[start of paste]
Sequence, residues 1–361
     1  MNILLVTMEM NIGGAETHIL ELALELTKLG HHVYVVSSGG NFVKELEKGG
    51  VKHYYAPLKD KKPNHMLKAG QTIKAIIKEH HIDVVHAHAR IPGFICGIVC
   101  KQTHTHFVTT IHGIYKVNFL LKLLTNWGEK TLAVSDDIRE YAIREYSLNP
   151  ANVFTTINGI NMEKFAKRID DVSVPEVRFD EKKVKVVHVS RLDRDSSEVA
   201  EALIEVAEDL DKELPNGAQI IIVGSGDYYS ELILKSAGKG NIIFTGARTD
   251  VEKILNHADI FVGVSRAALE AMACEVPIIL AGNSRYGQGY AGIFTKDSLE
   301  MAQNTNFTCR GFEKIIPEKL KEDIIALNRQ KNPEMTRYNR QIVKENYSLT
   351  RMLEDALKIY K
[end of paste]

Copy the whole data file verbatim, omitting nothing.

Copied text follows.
Sequence, residues 1–361
     1  MNILLVTMEM NIGGAETHIL ELALELTKLG HHVYVVSSGG NFVKELEKGG
    51  VKHYYAPLKD KKPNHMLKAG QTIKAIIKEH HIDVVHAHAR IPGFICGIVC
   101  KQTHTHFVTT IHGIYKVNFL LKLLTNWGEK TLAVSDDIRE YAIREYSLNP
   151  ANVFTTINGI NMEKFAKRID DVSVPEVRFD EKKVKVVHVS RLDRDSSEVA
   201  EALIEVAEDL DKELPNGAQI IIVGSGDYYS ELILKSAGKG NIIFTGARTD
   251  VEKILNHADI FVGVSRAALE AMACEVPIIL AGNSRYGQGY AGIFTKDSLE
   301  MAQNTNFTCR GFEKIIPEKL KEDIIALNRQ KNPEMTRYNR QIVKENYSLT
   351  RMLEDALKIY K